If these are coins that you have in your portfolio and would like to store in your wallets then you may want to consider the Trezor Model T. This costs €149 + VAT and comes with a color LCD screen for you to interact with. It also has support for many more coins. You can see the complete list here.

Jaxx (Desktop/Mobile/Online Wallet)

Jaxx rebranded and relaunched earlier this year as Jaxx Liberty and by all accounts the new version is superior to the older version. Users have been very positive, with the Jaxx Liberty sporting increased security and the ability to store 85 cryptocurrencies, and more being added regularly.

OmiseGO Jaxx Wallet
User Interface of the Trezor Wallet. Image via Jaxx Blog

One feature users seem to really appreciate is that the Jaxx Liberty has desktop, mobile and online wallet versions that synch across all the devices you use the wallet on. The desktop version works with Windows, Linux and OSX, while the mobile version is available for iOS and Android, and there’s even a Chrome extension for online wallet users.

Jaxx has been around since 2014, and the team continues to use their experience to improve the wallet. It is extremely user-friendly, and anyone should be able to store and manage their OMG easily in the Jaxx Liberty. It also has ShapeShift built-in for ease of exchanging your cryptocurrencies.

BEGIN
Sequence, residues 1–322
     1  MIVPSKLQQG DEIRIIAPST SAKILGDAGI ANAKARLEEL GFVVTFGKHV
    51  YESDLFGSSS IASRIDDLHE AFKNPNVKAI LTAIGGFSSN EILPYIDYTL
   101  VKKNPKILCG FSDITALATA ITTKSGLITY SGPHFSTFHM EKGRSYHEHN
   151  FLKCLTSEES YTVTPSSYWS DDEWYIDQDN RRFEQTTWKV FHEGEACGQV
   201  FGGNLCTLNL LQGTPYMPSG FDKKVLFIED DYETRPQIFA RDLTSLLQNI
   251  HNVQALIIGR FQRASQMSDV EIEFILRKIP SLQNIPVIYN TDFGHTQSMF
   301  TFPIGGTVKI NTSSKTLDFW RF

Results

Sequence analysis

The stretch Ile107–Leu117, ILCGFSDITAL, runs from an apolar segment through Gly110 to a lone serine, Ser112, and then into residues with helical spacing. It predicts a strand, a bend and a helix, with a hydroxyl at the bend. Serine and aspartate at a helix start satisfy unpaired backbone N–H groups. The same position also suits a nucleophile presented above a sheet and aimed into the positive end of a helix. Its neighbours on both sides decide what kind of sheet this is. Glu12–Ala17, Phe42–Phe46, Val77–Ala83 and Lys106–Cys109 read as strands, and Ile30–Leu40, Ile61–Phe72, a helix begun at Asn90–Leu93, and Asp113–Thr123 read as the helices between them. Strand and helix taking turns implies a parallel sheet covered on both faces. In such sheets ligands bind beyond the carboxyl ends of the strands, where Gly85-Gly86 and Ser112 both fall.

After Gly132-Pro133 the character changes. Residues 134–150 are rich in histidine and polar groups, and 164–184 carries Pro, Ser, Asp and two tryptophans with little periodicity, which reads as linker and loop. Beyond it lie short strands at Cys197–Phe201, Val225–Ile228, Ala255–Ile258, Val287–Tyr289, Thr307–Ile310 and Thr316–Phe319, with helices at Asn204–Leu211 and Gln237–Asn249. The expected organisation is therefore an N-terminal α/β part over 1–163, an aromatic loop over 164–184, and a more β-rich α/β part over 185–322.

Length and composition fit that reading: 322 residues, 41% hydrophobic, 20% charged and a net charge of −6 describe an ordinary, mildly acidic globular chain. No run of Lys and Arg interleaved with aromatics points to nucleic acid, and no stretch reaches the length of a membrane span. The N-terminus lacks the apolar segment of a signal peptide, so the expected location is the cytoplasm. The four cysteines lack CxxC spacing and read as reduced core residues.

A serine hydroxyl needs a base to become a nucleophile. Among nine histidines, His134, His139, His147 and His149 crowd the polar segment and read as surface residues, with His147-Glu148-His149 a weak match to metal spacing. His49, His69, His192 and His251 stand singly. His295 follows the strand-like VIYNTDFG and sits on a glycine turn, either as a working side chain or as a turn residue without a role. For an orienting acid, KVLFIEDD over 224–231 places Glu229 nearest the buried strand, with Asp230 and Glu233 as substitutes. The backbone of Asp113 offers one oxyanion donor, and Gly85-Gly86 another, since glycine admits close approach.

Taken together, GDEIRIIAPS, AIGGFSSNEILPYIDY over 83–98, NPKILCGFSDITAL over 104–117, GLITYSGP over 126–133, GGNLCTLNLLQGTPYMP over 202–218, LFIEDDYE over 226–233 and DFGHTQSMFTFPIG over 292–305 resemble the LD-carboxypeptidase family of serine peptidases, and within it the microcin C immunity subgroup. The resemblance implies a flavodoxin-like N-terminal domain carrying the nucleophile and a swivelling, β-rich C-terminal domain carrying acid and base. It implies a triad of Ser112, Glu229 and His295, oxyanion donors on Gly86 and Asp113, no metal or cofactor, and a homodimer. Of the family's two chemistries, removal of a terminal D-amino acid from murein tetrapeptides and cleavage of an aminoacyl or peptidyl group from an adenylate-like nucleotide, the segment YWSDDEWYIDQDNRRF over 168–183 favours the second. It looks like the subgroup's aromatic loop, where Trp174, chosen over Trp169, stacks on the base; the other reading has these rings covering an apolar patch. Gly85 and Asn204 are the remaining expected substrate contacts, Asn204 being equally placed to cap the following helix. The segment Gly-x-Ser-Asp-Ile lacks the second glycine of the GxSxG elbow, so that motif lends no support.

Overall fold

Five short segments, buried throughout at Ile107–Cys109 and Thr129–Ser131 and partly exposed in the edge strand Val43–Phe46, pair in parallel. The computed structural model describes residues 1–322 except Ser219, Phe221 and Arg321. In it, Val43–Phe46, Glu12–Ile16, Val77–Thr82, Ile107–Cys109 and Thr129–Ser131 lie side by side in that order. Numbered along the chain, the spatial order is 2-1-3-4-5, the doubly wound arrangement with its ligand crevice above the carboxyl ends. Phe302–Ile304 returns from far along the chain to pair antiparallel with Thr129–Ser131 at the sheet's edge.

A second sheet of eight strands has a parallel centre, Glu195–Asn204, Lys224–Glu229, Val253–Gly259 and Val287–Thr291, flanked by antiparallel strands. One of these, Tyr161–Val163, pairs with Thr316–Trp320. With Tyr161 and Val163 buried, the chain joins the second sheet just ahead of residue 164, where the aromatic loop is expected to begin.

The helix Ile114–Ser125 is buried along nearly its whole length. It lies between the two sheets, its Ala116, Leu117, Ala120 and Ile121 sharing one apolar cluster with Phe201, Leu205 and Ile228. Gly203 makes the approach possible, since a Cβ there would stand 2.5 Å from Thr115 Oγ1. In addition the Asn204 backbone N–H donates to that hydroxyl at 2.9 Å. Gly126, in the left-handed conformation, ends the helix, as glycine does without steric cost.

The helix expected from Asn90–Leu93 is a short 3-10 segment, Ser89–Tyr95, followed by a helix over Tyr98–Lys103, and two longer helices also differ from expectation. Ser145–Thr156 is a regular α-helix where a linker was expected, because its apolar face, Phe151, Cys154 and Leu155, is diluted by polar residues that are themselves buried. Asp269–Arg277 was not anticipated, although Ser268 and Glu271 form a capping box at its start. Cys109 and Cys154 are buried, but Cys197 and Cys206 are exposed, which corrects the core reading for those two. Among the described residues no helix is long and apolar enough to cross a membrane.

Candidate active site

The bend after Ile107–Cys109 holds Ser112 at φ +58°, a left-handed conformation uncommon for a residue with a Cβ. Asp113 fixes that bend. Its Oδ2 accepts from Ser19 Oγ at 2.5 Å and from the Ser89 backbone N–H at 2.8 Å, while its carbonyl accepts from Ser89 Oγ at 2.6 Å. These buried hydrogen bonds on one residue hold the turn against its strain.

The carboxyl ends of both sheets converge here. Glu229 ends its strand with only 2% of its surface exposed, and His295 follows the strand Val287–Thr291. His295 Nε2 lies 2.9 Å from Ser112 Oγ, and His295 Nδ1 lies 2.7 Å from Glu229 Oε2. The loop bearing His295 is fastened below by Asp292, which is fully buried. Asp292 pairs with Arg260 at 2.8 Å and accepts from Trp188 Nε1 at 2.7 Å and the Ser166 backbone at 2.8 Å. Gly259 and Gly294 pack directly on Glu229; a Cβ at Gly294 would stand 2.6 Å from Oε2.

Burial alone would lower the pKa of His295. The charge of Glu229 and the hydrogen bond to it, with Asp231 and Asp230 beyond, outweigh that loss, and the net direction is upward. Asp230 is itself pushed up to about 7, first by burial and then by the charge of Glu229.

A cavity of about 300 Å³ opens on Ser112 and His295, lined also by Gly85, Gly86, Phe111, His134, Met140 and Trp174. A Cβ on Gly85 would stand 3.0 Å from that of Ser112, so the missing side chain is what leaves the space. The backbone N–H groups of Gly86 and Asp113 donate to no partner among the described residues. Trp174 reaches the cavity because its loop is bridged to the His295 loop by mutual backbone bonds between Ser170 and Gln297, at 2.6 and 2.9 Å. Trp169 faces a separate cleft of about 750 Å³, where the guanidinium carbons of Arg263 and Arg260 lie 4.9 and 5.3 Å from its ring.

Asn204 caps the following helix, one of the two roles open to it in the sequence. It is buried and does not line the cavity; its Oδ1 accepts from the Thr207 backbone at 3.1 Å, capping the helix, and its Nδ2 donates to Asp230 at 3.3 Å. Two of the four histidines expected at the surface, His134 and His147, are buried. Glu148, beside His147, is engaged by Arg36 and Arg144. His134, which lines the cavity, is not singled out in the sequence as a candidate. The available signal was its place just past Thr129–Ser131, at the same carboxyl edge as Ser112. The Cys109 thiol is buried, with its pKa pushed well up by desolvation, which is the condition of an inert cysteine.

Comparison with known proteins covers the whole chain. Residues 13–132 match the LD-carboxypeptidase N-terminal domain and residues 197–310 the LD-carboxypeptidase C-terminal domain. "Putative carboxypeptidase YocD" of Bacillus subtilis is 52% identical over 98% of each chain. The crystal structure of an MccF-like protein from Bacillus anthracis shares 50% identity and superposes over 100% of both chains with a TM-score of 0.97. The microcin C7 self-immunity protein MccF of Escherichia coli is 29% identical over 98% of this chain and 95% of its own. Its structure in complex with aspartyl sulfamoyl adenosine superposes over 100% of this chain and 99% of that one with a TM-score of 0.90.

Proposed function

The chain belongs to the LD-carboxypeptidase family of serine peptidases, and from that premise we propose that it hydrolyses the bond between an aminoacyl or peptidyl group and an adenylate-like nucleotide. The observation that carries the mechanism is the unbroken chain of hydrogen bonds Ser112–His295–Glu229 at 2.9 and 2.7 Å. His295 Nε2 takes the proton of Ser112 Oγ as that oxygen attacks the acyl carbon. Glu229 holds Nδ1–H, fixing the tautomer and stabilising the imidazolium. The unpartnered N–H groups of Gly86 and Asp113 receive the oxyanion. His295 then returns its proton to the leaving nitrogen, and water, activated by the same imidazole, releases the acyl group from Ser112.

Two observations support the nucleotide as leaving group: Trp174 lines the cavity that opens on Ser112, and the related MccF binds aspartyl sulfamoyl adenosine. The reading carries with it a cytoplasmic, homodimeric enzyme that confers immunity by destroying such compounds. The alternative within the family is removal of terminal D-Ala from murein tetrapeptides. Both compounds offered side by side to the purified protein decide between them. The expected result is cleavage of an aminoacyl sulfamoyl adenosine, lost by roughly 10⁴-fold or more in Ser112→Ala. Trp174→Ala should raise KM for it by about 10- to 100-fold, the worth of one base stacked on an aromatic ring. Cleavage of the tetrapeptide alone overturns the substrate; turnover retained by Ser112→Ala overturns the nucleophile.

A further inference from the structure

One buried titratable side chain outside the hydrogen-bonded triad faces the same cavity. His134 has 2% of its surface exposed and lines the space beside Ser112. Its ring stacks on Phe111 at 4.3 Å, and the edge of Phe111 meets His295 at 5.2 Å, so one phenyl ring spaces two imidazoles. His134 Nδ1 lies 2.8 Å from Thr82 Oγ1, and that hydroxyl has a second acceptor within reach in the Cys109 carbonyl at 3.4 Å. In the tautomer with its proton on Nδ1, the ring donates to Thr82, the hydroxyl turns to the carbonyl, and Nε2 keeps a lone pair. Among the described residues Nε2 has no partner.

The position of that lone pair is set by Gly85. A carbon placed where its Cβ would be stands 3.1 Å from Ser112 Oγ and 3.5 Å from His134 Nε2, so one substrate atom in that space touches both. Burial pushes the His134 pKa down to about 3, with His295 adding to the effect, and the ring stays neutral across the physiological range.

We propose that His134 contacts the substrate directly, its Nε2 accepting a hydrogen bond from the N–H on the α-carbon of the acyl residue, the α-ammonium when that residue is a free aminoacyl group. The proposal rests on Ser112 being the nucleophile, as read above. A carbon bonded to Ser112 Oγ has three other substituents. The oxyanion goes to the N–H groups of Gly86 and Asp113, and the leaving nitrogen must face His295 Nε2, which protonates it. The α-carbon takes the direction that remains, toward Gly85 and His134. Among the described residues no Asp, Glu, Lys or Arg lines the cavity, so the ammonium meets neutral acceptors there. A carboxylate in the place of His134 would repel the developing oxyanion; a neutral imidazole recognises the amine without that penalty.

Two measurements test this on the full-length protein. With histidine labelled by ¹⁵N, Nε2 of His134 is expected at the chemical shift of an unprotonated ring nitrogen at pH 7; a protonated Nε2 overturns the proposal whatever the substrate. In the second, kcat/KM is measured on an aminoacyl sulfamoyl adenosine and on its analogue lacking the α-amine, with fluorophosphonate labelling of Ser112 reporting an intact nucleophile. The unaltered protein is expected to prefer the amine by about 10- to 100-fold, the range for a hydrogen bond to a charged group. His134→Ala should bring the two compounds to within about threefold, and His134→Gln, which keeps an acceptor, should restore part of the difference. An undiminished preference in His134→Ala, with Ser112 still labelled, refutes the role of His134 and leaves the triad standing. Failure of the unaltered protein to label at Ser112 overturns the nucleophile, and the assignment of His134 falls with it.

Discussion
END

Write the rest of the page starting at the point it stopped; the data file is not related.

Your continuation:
Exodus (Desktop Wallet)

Since its launch the Exodus wallet has been widely regarded as one of the most user-friendly and aestetically pleasing cryptocurrency wallets. And since it’s a desktop wallet it provides excellent safety, even though the Exodus team has made the decision not to include two-factor authentication.

The Exodus will not only store your OMG tokens, it will also store nearly 100 other cryptocurrencies, with more being added regularly. And Shape Shift integration allows for ease of exchange.

Exodus Wallet OmiseGo
User Interface of the Exodus Wallet

Exodus can be used with Windows, Linux and Mac OS and gives you an excellent platform to store and manage your cryptocurrency holdings.

MyEtherWallet (Web Wallet)

If you’re familiar with Ethereum and ERC-20 tokens you’re likely familiar with MyEtherWallet (MEW). It’s an open-source Ethereum wallet that was released in 2015 and rapidly became the most popular preferred online storage solution for Ethereum and ERC-20 tokens. In addition to storing your OMG you can store any other ERC-20 compatible token in MEW, making it an exceptionally flexible coin storage solution.

While we’re calling MEW a web wallet, and that’s how most people think of it, that’s not totally true. You use the MEW tool to create new Ethereum wallets, but all the data and private keys remain on the device that creates the wallet. The MEW servers never receive your private keys, and they remain as secure as your own device.

MEW is much more than a wallet, it’s a way to access and interface with the Ethereum blockchain. That also gives you the ability to use MEW in conjunction with other wallets such as the Ledger and Trezor hardware wallets, or the official Ethereum wallet. Or you can use it as a standalone wallet by itself.

The MEW wallet generator can also be downloaded and used offline, for the most secure wallet generation. When used this way a wallet can be created and funds stored without ever being touched by the internet. This completely eliminates the possibility of a hacker stealing your OMG. It isn’t as convenient as using MEW online, but it does give you superior security.